14 Group C, Kenya v Canada

15 Group B, Sri Lanka v Bermuda

15 Group D, Zimbabwe v Ireland

16 Group A, South Africa v Netherlands

16 Group C, England v New Zealand

17 Group B, India v Bangladesh

17 Group D, Pakistan v Ireland

18 Group A, Australia v Netherlands

18 Group C, England v Canada

19 Group B, India v Bermuda

19 Group D, West Indies v Zimbabwe

20 Group A, South Africa v Scotland

20 Group C, New Zealand v Kenya

21 Group B, Sri Lanka v Bangladesh

21 Group D, Zimbabwe v Pakistan

22 Group A, Scotland v Netherlands

22 Group C, New Zealand v Canada

23 Group B, India v Sri Lanka

23 Group D, West Indies v Ireland

24 Group A, Australia v South Africa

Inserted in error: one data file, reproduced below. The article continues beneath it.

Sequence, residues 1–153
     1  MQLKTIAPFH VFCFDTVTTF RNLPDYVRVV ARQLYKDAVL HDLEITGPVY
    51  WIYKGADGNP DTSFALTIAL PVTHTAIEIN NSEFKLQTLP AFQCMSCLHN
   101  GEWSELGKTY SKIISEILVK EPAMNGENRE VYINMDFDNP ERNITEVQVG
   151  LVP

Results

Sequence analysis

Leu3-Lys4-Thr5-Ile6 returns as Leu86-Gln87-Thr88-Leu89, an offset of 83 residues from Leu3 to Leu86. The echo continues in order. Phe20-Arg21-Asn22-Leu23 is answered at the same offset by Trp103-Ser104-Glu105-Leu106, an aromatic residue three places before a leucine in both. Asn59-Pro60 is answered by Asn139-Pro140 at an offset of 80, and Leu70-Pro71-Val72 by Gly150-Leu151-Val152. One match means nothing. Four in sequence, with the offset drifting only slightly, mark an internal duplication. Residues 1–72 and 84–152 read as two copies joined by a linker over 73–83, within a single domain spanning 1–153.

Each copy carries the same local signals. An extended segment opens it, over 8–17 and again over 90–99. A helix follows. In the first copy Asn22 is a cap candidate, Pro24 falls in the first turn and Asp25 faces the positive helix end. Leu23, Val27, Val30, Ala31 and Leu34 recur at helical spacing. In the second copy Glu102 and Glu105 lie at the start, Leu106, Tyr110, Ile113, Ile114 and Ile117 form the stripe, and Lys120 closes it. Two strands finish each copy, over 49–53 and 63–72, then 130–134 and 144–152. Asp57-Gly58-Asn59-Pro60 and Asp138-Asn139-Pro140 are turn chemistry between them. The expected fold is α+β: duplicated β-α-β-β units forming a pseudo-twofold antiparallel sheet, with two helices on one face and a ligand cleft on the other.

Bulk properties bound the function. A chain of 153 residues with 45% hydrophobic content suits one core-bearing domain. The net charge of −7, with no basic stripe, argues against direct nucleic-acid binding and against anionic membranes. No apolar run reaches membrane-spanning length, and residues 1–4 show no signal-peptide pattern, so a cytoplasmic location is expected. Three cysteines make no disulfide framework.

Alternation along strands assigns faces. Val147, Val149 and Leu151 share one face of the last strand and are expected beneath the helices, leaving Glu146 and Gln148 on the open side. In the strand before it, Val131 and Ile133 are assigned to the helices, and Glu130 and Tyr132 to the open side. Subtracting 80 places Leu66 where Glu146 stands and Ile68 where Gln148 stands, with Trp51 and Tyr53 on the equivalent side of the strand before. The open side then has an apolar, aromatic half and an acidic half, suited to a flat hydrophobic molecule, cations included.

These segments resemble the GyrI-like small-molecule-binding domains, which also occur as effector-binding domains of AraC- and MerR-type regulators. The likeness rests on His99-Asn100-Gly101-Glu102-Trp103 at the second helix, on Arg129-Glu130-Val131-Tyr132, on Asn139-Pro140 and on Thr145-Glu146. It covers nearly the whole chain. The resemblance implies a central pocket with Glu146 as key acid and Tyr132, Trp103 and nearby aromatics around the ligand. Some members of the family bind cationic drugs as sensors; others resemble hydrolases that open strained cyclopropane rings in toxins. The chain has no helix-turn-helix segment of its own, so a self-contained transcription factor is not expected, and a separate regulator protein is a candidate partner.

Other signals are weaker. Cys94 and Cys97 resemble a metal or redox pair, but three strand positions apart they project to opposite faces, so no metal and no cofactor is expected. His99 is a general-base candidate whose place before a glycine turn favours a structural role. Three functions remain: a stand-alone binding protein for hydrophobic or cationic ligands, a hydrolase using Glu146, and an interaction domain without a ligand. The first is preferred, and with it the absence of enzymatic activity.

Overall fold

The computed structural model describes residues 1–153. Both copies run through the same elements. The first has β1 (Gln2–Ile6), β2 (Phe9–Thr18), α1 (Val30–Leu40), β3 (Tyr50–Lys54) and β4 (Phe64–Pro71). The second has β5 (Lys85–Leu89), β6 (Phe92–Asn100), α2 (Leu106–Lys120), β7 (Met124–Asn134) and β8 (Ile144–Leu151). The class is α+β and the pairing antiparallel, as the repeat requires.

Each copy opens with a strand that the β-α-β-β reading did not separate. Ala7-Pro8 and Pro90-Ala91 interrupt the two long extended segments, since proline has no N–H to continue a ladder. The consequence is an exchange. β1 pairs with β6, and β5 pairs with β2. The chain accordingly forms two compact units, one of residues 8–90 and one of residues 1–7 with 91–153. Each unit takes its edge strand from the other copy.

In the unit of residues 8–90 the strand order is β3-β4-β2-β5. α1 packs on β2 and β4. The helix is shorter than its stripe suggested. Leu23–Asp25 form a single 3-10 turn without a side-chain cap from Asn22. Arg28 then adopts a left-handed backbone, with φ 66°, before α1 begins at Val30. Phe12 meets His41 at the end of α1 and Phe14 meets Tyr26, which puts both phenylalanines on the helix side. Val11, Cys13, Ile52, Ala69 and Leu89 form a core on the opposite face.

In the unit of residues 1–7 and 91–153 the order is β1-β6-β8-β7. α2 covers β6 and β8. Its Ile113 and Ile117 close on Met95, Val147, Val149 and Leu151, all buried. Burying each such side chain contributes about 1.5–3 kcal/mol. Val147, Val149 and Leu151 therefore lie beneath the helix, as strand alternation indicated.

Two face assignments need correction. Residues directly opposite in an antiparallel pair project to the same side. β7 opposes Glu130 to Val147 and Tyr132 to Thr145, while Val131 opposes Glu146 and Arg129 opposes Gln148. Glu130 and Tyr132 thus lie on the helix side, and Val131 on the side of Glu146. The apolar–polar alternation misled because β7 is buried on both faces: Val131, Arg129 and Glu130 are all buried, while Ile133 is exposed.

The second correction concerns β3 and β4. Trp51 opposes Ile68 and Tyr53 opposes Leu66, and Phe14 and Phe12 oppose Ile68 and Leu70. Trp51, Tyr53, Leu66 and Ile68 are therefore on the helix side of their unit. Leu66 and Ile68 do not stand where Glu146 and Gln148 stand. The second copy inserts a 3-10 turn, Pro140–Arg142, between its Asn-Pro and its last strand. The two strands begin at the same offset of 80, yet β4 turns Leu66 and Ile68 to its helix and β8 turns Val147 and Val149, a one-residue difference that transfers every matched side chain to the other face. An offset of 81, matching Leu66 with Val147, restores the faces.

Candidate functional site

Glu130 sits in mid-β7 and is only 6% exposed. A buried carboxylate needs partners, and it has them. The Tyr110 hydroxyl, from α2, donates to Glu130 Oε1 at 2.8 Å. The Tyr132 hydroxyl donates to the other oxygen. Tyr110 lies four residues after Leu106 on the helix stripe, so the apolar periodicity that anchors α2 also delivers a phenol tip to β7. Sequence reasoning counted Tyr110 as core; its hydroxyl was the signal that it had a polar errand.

24 Group C, England v Kenya

25 Group B, Bermuda v Bangladesh

Super Eight (Quarter-Finals)

27 D2 v A1, Antigua&Barbuda

28 A2 v B1, Guyana

29 D2 v C1, Antigua&Barbuda

30 D1 v C2, Guyana

31 A1 v B2, Antigua&Barbuda

APRIL

1 D2 v B1, Guyana

2 B2 v C1, Antigua&Barbuda

3 D1 v A2, Guyana

4 C2 v B1, Antigua&Barbuda

7 B2 v A2, Guyana

8 A1 v C2, Antigua&Barbuda

9 D1 v C1, Guyana

10 D2 v A2, Grenada

11 C2 v B2, Barbados

12 B1 v C1, Grenada

13 A1 v D1, Barbados

14 A2 v C1, Grenada

15 B2 v D1, Barbados

16 A1 v B1, Grenada

17 A2 v C2, Barbados

18 D1 v B1, Grenada

19 D2 v B2, Barbados

20 A1 v C1, Grenada

21 D2 v C2, Barbados

Semifinals

24 Super Eight 2nd v 3rd, Jamaica

25 Super Eight 1st v 4th, St Lucia

FINAL

28 Winner SF1 v Winner SF2, Barbados